After teaching mostly graduate and doctoral level classes for the last three years, I started a new undergraduate class last week. The class is a unique course in that it is taught in conjunction with a field placement. My students serve as “teacher interns” in a local school for three days a week and take classes on campus the other two days. While it helps my students bridge the gap between theory/research and practice, it does create some odd identity transitions for them. For several days of the week, they see themselves as teachers. For others, they have to transition to be a student again. With these shifts in identity, I’m sure it creates some dissonance for them. Teacher to student and then back again.
In a way, I’m experiencing similar dissonance. The class is an assessment course and I’m working to help my students develop a strong understanding of strategies for formative and summative assessment. Since this course is designed for beginning teachers, I’m trying to model best practices. In my mind, it’s not enough to talk about assessment strategies academically. I need to incorporate them in my lessons and then also discuss my objectives and instructional decision making. When I incorporate a technology into the class, I also unpack the affordances that lead to my choice to use that technology rather than another.
So, where does my sense of dissonance come from? Some of it comes from the back and forth shifting that I have to navigate as a teacher and as a teacher educator. In class, I find myself talking about what’s going on in my “teacher brain” and asking students to put on their “teacher caps” or their “student caps” to help them oscillate between their dual identities and focuses. It’s dizzying at times to discuss content that they have to learn (as students) and then be able to apply (as teachers). My use of the “teacher cap” and “student cap” metaphors is an attempt to make this a little more real for them. Although I’ve used this strategy in the past with some success, the time away from teaching this class is making me remember how hard it is to shift this focus.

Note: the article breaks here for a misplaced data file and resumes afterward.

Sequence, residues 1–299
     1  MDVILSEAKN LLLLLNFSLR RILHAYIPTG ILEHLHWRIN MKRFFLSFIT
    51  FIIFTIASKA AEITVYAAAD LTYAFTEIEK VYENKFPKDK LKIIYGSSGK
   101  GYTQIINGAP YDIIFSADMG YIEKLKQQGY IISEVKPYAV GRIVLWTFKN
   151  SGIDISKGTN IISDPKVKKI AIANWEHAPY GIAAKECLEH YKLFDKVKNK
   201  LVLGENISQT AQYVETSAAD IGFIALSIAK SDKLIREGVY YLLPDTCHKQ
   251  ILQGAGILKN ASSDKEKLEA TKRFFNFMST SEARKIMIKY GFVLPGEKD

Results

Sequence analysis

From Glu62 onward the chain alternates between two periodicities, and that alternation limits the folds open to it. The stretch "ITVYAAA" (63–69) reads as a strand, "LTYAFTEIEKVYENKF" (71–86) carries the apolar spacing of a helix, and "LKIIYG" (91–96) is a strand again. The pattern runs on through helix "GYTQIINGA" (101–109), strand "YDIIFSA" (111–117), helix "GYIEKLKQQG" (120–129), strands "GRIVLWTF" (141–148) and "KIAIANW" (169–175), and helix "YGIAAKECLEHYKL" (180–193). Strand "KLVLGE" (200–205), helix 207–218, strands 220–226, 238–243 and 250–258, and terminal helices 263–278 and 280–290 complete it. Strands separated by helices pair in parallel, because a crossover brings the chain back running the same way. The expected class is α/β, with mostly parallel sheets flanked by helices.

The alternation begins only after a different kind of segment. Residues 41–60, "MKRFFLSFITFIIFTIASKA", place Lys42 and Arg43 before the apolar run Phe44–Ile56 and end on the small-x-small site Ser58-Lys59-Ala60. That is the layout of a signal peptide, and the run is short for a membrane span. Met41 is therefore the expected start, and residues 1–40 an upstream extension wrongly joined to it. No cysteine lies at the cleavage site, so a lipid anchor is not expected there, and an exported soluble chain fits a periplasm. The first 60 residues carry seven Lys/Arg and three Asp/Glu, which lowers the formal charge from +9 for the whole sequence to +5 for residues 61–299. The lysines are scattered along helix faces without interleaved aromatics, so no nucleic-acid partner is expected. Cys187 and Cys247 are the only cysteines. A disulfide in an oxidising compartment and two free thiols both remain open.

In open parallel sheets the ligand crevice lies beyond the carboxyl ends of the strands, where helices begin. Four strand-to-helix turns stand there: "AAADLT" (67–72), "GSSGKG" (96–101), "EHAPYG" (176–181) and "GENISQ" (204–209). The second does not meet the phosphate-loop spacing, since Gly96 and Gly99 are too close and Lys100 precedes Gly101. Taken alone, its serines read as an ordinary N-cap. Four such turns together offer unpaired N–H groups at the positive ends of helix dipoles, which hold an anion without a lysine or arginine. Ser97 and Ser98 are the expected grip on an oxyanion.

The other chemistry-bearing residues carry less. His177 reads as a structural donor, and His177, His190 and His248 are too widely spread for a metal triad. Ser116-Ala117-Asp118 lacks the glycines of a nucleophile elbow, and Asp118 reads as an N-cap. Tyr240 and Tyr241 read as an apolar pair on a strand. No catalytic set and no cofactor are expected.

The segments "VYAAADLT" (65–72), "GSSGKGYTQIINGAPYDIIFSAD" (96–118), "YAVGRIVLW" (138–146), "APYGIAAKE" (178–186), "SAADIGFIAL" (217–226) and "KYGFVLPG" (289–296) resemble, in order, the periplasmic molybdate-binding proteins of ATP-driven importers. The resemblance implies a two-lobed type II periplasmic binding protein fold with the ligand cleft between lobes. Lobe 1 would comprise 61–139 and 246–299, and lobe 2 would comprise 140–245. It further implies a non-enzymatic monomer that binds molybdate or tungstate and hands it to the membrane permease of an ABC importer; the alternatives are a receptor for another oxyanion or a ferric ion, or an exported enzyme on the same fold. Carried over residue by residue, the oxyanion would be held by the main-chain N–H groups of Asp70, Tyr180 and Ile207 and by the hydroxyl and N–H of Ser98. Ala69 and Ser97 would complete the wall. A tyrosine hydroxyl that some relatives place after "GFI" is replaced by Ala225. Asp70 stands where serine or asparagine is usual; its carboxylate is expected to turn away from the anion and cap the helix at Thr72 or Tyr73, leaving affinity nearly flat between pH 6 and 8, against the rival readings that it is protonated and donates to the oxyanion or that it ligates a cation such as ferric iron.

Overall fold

Another source of my dissonance is the modeling aspect that I’ve embraced. I don’t want to just “talk the talk” but “walk the walk,” too. This means demonstrating different assessment strategies and providing effective feedback. I’d like to think that I do this regularly but this class is reminding me that there are some strategies that I have been neglecting. I’ve been teaching the same handful of classes for the last few years and employing similar strategies with my students. Since I’m trying to act as a role model, it’s forcing me to confront some of these neglected strategies and put them into practice again.
It also is forcing me to reexamine some of the foundational readings that I’ve encountered over and over throughout my career. Working through these feelings of dissonance, I dug up a chapter titled On Becoming a Reflective Teacher that Grant and Zeichner wrote in 1984 and that I’ve read and re-read probably two dozen times. I found this little nugget that seems to capture my feelings.
“(Teachers) have to break with the mechanical life, to overcome their own submergence in the habitual, even in what they conceive to be virtuous, and to ask the “why” with which all moral reasoning begins.” (p. 103)
By teaching this class again after a three-year hiatus, I’m in the midst of overcoming this “submergence in the habitual.” While it’s creating some personal dissonance, it’s helping to be more reflective and intentional with my pedagogical strategies. And that’s never a bad result.
Grant, C. A., & Zeichner, K. M. (1984). On becoming a reflective teacher. Preparing for reflective teaching, 103-114.